W.Va. House 16 candidate: Carol Miller (R)
HOME CITY: Huntington
HOME COUNTY: Cabell
E-MAIL ADDRESS: firstname.lastname@example.org
PERSONAL STATEMENT: I chose to live in West Virginia 41 years ago. Our state is so special. We have a rich, historical culture, a breathtaking landscape and amazing, talented people. I have been honored to serve the people of Cabell and Lincoln counties. I work to create the environment that allows our state to prosper and grow. I want your children to be well educated, able to find good jobs here, so they can stay and raise their families. I will continue to work to make this happen. I believe in our Constitution, and the principles that founded our Country.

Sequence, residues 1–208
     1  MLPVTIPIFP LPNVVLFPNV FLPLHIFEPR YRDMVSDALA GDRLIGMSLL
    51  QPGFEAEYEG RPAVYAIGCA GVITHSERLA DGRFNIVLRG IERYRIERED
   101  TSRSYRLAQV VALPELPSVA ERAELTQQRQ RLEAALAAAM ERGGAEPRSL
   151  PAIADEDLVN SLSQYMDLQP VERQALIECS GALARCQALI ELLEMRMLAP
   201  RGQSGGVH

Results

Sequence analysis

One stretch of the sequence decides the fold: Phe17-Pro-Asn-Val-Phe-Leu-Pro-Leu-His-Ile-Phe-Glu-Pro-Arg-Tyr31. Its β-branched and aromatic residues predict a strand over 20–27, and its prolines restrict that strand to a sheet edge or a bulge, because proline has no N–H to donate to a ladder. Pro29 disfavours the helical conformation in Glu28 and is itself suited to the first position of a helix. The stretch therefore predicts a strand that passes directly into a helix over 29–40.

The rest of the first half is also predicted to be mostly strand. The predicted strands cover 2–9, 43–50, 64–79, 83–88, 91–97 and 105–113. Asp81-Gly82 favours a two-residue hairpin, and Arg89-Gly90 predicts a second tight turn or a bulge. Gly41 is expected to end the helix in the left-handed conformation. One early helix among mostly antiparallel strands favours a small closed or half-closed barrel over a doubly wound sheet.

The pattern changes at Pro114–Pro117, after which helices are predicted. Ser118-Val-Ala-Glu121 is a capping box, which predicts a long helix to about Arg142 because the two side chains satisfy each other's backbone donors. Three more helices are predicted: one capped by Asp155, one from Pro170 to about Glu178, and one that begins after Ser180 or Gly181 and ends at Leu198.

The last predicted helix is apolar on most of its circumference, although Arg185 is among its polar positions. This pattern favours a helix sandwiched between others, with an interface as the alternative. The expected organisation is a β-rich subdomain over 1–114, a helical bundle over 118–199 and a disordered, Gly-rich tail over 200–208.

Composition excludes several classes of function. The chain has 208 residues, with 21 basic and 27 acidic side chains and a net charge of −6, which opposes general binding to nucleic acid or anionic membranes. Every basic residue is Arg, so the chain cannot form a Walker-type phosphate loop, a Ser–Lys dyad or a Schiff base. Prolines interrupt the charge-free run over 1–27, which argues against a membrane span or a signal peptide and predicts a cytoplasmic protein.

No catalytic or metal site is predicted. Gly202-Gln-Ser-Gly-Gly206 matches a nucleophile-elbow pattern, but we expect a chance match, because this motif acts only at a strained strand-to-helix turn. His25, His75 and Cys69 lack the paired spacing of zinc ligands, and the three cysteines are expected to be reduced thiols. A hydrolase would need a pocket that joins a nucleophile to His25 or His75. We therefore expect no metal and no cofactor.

EDUCATION: Graduate of Columbia College, Columbia, S.C. certified to teach on a secondary level. Majored in History and Political Science.
CURRENT OFFICE: I have been in the House of Delegates for 8 years, having been elected in 2006. I am a real estate manager, and a bison farmer.
OTHER WORK HISTORY: Many years ago I worked for the Department of State Personnel in Ohio, Columbia Gas, The Smart Shop in Huntington (as a Buyer) and for United Way of the River Cities. I am a small business owner.
CIVIC ORGANIZATIONS: Rotary Club of Milton, Farm Bureau, Musical Arts Guild, Junior League Garden Club, Madie Carroll House, Previous involvement in many Boards: Marshall Artists Series, WV Commission on the Arts, Musical Arts Guild, Yeager Scholars, Scott Community Center, Junior League, Cabell County Republican Women, Boy Scout Leader, Historical Society, Huntington Museum of Art Docent